Hey, you young klephts,
you sons of Samarina,
if you go up to the mountains, the Samarina way
[don’t fire off shots, don’t belt out songs].
And if my mum and cunning sister ask you
don’t tell them I got killed and that I am dead,
just tell them I got married and that lam wed.
I took my tombstone for mother-in-law,
the black earth for wife.
Translated by Michael Eleftheriou
Eσείς, μωρέ, παιδιά κλεφτόπουλα,
παιδιά της Σαμαρίνας, μωρέ, παιδιά καημένα,
παιδιά της Σαμαρίνας, κι ας είστε λερωμένα.
Κι αν πάτε απάνω στα βουνά κατά τη Σαμαρίνα,
[ντουφέκια να μη ρίξετε, τραγούδια να μην πείτε],
κι αν σας ρωτήσει η μάνα μου κι η δόλια η αδερφή μου,
μην πείτε πως σκοτώθηκα, πως είμαι σκοτωμένος,
[μόν’ πείτε πως παντρεύτηκα, πως είμαι παντρεμένος,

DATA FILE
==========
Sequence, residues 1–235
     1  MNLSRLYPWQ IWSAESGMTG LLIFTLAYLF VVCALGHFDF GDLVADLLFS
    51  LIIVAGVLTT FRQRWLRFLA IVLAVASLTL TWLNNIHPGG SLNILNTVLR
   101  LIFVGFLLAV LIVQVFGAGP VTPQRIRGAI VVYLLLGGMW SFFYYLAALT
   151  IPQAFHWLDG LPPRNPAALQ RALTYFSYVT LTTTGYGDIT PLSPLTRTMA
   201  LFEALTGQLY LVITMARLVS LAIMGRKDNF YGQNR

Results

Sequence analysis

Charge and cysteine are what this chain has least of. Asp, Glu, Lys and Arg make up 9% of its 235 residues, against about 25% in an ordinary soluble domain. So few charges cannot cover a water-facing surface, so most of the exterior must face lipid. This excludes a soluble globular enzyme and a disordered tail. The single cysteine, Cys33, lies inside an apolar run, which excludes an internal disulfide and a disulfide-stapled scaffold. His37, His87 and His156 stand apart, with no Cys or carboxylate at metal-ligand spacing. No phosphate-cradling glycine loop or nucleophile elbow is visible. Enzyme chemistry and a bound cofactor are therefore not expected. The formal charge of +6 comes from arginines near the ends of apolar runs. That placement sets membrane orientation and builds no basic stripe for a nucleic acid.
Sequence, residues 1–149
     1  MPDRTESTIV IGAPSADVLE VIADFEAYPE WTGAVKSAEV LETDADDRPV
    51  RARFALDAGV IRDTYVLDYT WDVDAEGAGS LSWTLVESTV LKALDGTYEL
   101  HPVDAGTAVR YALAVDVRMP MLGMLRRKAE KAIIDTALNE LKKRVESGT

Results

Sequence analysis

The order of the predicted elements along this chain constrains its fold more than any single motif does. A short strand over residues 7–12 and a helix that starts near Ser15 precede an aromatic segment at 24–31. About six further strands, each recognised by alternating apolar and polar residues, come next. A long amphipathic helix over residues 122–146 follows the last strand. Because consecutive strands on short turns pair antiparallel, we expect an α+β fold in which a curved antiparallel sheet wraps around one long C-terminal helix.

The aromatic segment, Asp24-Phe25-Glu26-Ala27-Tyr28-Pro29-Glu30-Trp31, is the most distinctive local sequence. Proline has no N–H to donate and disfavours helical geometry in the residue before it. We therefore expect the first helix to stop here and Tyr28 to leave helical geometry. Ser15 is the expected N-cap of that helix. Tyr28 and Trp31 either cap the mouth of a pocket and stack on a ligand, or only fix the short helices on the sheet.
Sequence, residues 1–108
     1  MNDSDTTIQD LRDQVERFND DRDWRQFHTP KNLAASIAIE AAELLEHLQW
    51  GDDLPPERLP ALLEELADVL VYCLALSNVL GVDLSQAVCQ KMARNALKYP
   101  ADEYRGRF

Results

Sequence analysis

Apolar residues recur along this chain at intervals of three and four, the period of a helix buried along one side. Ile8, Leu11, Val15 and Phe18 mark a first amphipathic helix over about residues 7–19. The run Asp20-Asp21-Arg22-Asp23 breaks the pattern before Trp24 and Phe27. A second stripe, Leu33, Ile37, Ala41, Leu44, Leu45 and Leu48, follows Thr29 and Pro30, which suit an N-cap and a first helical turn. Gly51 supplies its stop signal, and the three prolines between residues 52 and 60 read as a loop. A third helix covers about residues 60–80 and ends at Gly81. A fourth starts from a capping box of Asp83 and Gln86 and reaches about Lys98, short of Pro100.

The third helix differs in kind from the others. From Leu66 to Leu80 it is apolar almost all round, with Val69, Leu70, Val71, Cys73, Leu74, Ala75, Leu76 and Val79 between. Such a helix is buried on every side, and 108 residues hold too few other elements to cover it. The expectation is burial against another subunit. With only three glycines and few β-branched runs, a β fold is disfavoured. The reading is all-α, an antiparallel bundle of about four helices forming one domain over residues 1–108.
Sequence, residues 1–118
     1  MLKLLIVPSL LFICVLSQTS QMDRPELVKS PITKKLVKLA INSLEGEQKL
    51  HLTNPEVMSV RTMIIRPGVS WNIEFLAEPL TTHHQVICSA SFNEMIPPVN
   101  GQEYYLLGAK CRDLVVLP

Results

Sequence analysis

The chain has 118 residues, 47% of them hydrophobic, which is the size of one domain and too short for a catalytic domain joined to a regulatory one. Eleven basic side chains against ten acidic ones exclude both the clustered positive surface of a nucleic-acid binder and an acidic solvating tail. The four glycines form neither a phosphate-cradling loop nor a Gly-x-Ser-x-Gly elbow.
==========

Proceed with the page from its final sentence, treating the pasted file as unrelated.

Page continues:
πήρα την πλάκα πεθερά, τη μαύρη γης γυναίκα].
A song of the Aromuni / Vlachs of Northern Pindus which is sung in Greek.
Samarina is a mountain village in the prefecture of Grevena, one of the highest in the Balkans. Home to shepherds, it flourished in the late 19th century. Although the provenance of the hero varies from version to version, popular tradition links the song to the men of Samarina who, during the struggle for national independence which began in 1821, fought at the siege of Mesolonghi and were killed as the Greek forces withdrew (1826). The lyrics express their dying wish: that their loved ones should not learn of and be saddened by their death. Formerly sung as a lament or a slow and sad wedding song, it was never danced.
The song was widely known and much-loved. Between 1927 and 1936, it was recorded six times in Greece and the US, and it is always played and danced at celebrations. The dance is a syrtós with three steps to a 4/4 rhythm.
Miranda Terzopoulou (2018)
Studio recording, 1979.
Watch a different version of the song by Domna Samiou